Lakehead is offering associate teachers a full day of professional development, in partnership with local and regional school boards, to support the transition to mentorship learning and to model ways to co-plan and co-teach with teacher candidates. At its Thunder Bay campus, Lakehead has also created a new position of faculty liaison, a faculty member whose role includes working with associate teachers, teacher candidates and the faculty adviser to assist with this transition.

Better Prepared Students

Generally there is strong support for increasing the amount of practicum time, and spreading it out over two years is a major plus for students. Brushwood-Rose feels that a more gradual introduction to practice teaching should reduce some of the deer in the headlights feeling that students used to get in the two-semester program when they realized, “Yikes! I have to be ready to teach this in a real classroom and be responsible for leading a lesson on my own next September!”

Inpanathan says she’s glad to be having an extra year. “I felt a little overwhelmed at times last year with all there was to learn,” she says. “I had discussions with my friends where people said things like, ‘Imagine if this was a one-year program, how stressed out we’d be feeling right now?’”

Confronting Challenges

Any change of this scope is not without its challenges, of course. Since the new program coincided with a 50 per cent reduction in the number of student places at Ontario education faculties, it has become difficult to offer certain teaching options at the Intermediate-Senior (IS) level, where teacher candidates specialize in certain subjects. Trent’s Cathy Bruce explains, “Now, with lower numbers and reduced per student funding, it is more challenging to offer some of the classes that tended to have the lowest enrolments.” In fact, York, which is Ontario’s largest programs (550 students in 2016–17), was the only faculty able to offer all IS teaching options last year. Contrast that with smaller faculties like Lakehead and Trent, which have 55 and 136 students respectively. Lakehead dropped the Junior-Intermediate division completely, and Trent has had to work around low numbers in some IS teaching options. For example, it did not offer IS physical education last year (although they offer it this year) and only two students signed up for physics. Trent’s solution with physics was to combine physics, biology and chemistry students in one course.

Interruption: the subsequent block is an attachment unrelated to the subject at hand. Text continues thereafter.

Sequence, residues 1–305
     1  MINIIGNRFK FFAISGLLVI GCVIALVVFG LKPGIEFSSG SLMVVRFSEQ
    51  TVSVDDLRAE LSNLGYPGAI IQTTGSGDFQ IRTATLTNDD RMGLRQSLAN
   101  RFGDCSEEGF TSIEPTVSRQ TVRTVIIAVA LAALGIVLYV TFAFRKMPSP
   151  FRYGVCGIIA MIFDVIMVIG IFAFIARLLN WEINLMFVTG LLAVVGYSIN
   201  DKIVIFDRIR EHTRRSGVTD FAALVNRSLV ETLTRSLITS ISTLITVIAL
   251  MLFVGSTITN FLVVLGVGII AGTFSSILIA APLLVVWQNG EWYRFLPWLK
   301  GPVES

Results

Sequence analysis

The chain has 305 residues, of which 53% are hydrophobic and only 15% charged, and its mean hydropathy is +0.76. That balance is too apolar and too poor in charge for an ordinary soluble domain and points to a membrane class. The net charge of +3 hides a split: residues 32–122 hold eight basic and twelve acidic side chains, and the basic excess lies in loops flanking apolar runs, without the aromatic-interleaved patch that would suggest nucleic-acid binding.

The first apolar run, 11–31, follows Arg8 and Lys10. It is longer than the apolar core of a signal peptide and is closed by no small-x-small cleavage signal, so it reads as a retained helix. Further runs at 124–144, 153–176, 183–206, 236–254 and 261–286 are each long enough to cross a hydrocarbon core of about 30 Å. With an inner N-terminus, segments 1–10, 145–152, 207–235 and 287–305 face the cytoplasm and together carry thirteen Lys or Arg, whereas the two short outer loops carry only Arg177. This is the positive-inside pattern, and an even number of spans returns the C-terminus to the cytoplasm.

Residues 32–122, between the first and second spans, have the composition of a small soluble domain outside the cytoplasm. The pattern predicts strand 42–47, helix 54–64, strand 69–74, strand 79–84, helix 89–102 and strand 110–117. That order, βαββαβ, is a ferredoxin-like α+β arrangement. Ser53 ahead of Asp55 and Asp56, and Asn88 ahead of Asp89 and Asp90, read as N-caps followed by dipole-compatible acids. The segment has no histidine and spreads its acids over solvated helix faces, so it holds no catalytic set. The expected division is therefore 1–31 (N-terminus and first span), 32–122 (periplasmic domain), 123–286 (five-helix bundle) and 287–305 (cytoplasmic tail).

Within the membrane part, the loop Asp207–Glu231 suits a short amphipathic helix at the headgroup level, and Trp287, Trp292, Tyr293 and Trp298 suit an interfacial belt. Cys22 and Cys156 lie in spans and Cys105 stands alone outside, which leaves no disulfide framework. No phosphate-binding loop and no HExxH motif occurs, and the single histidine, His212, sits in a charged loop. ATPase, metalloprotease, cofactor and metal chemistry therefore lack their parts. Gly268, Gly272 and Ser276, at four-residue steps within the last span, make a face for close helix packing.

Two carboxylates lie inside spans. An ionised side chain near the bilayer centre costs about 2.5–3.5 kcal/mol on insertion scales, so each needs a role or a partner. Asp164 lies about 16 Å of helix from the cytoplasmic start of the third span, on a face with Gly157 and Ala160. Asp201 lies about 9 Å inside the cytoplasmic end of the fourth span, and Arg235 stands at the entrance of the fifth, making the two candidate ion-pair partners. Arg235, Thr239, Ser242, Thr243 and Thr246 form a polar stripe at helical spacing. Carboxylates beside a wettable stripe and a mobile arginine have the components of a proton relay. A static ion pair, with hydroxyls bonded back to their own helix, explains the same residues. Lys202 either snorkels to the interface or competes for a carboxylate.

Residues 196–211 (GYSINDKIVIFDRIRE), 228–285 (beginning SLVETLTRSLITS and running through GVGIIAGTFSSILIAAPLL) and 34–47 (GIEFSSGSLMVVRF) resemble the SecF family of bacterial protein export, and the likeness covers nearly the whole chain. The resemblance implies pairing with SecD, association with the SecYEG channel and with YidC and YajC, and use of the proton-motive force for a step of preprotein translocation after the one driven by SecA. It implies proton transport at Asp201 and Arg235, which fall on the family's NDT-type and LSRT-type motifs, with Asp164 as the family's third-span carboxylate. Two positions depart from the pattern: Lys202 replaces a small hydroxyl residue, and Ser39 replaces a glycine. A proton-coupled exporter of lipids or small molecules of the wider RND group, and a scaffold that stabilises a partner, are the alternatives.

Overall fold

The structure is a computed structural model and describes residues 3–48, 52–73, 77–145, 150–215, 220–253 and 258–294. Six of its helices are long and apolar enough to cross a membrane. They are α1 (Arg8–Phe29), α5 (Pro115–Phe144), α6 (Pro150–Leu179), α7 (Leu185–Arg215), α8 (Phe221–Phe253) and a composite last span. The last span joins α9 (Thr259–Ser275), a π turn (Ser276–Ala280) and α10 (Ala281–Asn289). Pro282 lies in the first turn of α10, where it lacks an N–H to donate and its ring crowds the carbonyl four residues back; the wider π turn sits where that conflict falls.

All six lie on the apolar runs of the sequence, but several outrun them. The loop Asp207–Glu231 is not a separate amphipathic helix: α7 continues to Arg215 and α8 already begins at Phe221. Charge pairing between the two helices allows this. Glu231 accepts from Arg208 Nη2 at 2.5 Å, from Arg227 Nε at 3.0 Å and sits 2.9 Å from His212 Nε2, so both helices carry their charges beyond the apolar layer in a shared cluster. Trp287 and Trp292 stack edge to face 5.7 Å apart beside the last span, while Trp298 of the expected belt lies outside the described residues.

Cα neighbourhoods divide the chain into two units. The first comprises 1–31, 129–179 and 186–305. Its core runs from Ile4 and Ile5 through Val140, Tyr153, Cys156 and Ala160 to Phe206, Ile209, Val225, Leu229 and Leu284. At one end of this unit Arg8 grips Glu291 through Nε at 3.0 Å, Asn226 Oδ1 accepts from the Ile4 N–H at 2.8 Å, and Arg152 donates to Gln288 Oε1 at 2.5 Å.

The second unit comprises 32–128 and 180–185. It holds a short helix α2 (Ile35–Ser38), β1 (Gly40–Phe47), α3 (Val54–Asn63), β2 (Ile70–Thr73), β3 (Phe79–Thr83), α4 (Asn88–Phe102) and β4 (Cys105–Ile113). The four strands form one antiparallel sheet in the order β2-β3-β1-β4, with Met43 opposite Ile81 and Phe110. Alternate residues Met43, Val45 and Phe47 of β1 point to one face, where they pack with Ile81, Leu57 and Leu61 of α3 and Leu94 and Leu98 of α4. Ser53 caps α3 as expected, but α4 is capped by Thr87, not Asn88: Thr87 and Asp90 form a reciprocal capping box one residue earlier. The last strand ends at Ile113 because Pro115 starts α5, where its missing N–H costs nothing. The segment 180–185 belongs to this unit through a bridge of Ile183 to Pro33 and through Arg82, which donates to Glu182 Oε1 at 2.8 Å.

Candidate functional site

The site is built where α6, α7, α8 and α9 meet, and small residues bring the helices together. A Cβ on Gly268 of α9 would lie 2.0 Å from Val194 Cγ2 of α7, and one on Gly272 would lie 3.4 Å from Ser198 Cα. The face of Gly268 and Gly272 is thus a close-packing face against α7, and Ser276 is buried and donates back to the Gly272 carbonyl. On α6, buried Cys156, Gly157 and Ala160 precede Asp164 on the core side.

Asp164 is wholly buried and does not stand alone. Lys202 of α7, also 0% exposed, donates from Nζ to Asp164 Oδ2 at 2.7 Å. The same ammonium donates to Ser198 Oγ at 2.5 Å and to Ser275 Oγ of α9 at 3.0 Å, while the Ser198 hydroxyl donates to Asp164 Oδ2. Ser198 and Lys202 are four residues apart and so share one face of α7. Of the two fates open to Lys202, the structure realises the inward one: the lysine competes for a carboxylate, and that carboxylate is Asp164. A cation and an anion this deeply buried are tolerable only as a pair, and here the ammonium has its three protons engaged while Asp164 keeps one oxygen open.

The University of Ottawa has faced similar challenges in its French-language program. “It’s always been hard to fill arts teachables in our high school stream,” Dalley says. Ottawa and Laurentian University dealt with this issue by joining forces to make sure that students at both institutions can take all arts subjects. “So at the University of Ottawa we’re going to be offering drama and visual arts while at Laurentian they will offer dance and music,” says Dalley. Ottawa and Laurentian students will be in the same classes but some will be taking the course online.”

Despite some of these challenges, McNay says that, overall, the four-semester program provides a more substantive education for new teachers. “Teaching, schools and our society have only become more complex over the decades, and so the more support, resources and preparation we can [provide teacher candidates], the better.”

The Colleges Role in ETEP

The Ontario College of Teachers played a key role in the implementation and design of the Enhanced Teacher Education Program, which came about as the result of a recommendation from the College to the Ministry of Education. The College began looking at enhancing teacher education a decade ago. In 2006, it published a 132-page document entitled Preparing Teachers for Tomorrow, which included 66 recommendations about Ontario’s initial and continuing courses and programs of professional education.

“We recognized that it was challenging, in a one-year program, to cover everything that needed to be covered in order to prepare teachers to meet the needs of today’s students and classrooms,” says Roch Gallien, OCT, the College’s director of Standards of Practice and Accreditation. “In terms of implementing the changes, the College developed general guidelines for how faculties of education should ensure that teacher candidates would be exposed to enhanced knowledge about Special Education, student well-being and mental health, teaching English-language learners, and the needs of First Nations, Métis and Inuit students.”

These guidelines are detailed in the Accreditation Resource Guide, published by the College in 2014 in collaboration with the faculties of education. Recognizing that each faculty of education is unique, the College did not prescribe exactly what or how faculties would teach; rather, it worked with them to “put meat on the bones” as the new program was developed and implemented.

As is the case with any new program, ETEP’s implementation is being closely monitored. “We are in the process of looking at each program to ensure that all of the key elements are in place,” says Gallien. “We want the College to become a resource for faculties. We want to promote a professional dialogue between the faculties and the College to ensure teacher candidates are prepared in the best possible way so that students can succeed in a safe, respectful environment.”